1 | 2 | 3 | 4 | 5 | 6 | 7 | 8 | 9 | 10 | 11 | 12 | 13 | 14 | 15 | 16 | 17 | 18 | 19
20 | 21 | 22 | 23 | 24 | 25 | 26 | 27 | 28 | 29 | 30 | 31 | 32
  are longer growing seasons, to highlands, where cold winter frost and heavy snows help control the ubiquitous corn pest, root cutworm. By having homes in both lowlands and highlands, the Anasazi were, for the most part, able to avoid a possible complete crop loss in any one year. Transhumance also provides that agriculture was done by virtually everyone, regardless of social status, and massive building projects such as Pueblo Bonito were constructed during the winter off season. This proposal helps resolve the major question of how large, complex buildings like Pueblo Bonito were constructed by the Chaco Canyon Anasazi. This proposal also explains within the context of known archaeology, how surplus food crops were grown and provided to the large seasonal work force needed for the massive construction projects as seen at the Chaco Canyon and its outliers.

“Food importation and a migratory segment of the population in the canyon seems the most reasonable, especially in view of the fact that early workers in the southwest such as Bandelier found many Pueblos were nearly abandoned in the summer and early fall months: ‘Last night Juan Jose told me that the pueblos were almost depopulated in summer, nearly everybody going out to the ranchos, where they live till September or October. But few remain in the pueblo. Even the cacique leaves also for this huerta.’ (From Banadelier’s journal, April 17, 1882 as recorded by Lange and Riley 1966, p. 245)” (Loose, Lyons).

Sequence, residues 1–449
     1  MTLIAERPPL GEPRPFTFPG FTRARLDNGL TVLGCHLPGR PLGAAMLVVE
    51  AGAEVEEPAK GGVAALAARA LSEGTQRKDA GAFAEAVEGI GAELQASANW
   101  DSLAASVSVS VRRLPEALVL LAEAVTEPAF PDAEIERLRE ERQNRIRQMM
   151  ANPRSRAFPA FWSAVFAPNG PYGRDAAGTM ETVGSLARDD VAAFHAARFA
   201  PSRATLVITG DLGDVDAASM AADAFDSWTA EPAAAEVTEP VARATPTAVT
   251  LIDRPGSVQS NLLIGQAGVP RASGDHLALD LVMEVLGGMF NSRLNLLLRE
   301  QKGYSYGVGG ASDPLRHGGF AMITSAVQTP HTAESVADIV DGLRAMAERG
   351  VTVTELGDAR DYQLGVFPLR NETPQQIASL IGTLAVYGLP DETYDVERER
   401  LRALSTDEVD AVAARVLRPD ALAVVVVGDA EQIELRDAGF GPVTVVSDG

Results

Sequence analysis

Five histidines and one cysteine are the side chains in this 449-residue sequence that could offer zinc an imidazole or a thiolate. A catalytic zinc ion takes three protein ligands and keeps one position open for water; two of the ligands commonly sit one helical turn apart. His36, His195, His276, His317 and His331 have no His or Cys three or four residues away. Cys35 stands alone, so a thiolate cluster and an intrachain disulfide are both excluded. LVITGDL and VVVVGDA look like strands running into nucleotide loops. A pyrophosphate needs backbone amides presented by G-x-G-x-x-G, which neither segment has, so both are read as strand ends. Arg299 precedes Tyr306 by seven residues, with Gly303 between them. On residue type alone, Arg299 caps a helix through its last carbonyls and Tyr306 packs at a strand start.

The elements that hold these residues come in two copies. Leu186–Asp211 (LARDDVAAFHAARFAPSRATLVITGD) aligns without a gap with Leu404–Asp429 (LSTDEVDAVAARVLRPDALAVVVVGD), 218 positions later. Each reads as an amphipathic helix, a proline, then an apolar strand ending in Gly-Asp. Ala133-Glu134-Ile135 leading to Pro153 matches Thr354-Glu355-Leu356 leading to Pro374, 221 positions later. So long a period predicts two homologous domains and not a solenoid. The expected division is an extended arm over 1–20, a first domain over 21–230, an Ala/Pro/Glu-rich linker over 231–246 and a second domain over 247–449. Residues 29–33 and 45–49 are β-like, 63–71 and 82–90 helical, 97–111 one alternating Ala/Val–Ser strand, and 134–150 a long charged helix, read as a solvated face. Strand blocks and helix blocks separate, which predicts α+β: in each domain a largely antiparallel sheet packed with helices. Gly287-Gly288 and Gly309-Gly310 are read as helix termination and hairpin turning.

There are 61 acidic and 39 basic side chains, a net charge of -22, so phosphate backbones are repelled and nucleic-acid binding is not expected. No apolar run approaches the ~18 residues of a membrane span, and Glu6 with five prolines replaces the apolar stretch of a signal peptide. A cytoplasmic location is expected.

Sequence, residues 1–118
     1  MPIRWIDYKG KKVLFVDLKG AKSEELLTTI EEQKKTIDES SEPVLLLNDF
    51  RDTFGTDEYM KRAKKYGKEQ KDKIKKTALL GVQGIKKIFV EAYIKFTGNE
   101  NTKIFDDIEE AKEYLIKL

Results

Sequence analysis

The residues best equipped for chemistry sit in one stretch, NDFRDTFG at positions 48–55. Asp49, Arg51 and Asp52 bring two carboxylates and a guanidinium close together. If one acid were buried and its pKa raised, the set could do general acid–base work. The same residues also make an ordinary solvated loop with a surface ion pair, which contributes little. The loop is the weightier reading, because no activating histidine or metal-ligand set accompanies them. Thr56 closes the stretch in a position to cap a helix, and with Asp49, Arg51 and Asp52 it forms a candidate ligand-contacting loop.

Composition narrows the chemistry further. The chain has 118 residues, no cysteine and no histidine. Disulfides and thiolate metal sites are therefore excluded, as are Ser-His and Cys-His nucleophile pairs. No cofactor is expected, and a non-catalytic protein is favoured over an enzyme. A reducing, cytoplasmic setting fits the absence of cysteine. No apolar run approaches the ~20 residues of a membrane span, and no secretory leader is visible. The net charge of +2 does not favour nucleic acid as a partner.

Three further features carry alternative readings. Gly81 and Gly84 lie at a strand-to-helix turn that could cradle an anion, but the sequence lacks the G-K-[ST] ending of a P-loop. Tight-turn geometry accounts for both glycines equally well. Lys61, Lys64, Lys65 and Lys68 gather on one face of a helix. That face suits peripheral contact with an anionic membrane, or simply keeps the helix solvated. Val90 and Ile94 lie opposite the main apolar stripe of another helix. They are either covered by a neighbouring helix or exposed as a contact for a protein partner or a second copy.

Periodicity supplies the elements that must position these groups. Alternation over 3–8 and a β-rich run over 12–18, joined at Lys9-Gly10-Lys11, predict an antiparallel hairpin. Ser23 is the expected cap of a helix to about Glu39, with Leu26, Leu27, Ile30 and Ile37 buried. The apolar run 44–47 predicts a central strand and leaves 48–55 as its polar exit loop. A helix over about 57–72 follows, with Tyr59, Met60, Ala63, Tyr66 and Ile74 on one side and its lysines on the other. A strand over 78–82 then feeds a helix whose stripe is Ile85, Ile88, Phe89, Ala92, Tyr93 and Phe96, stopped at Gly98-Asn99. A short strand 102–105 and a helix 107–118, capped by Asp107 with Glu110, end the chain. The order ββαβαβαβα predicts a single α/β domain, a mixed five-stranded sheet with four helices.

The Zuni people who perhaps numbered 3,000 inhabitants in C.E. 1700, most of whom lived in the central village of Halona:wa raised extensive corn crops spread over an area from present day St. Johns, Arizona, to the Zuni Mountains (50-70 miles) in what is now western New Mexico. Crops grew all over the territory of the Zuni’s, and the people lived in the summers in widely separated villages (Hart).
Associated with transhumance is a new proposal for the load carrying capacity of “110 pound loads over a one-way distance ranging from 30-150 miles” (N. Malville). “Maize excavated from the oldest section of Pueblo Bonito was grown in fields fifty miles to the west, along Captain Tom Wash on the Chuska Mountain slopes. Six cobs dated between C.E. 850 and the mid-900s, and one dated between 1088 and 1150. Although we had a small sample of cobs, none matched the soil water chemistry of Chaco Canyon” (Cordell). This Tarahumara, Zuni, and Pueblo ethnographic information, indicates that corn was brought from throughout the San Juan Basin (approximately 100 mile radius of Chaco Canyon) to be stored in the Great Houses in the center of the Chaco system.

Why did the Chaco Canyon Anasazi abandon the San Juan River Basin? While drought and resource depletion were certainly contributing factors, the “straw that broke the camel’s back” was anemia caused by a chronic lack of dietary iron. This became an unresolvable crisis when the increasingly rare and difficult-to-obtain wildlife populations were pushed back more than a three-days run from the Great Houses, making fresh meat too difficult to obtain.

The History Channel asked, “Were the Chaco Canyon Anasazi peaceful Hopi ancestors or terrorist cannibals?” (Arts & Entertainment). Cannibalism during the Chaco Canyon Anasazi time periods is a well documented yet controversial fact. As “wild meat,” the best source of dietary iron, became increasingly rare, some of the Chaco Canyon Anasazi, who were directly descended by family lineage from the Mesoamerican male founders, may well have resorted to cannibalism to provide the absolutely required dietary iron. In turn, the descendents of the female indigenous clans may have rejected cannibalism and ultimately expelled those choosing high density Mesoamerican life-styles further and further south. This process began in approximately C.E. 1200 with widespread warfare, which is marked by a hiatus in the parrot importation and the burning of many villages, and continued with the introduction of Katsina religious concepts C.E. 1275-1300. This system wide event of warfare, I suggest, was a revolt by indigenous clans to push out the Mesoamerican descended clans. I propose to call this event the “Anasazi Reformation” in religion, social values, and life-styles. The Anasazi completely disappeared with the complete destruction of Paquimé in C.E. 1425-1475.
Hopi scholars relate concerning the cannibalism issue “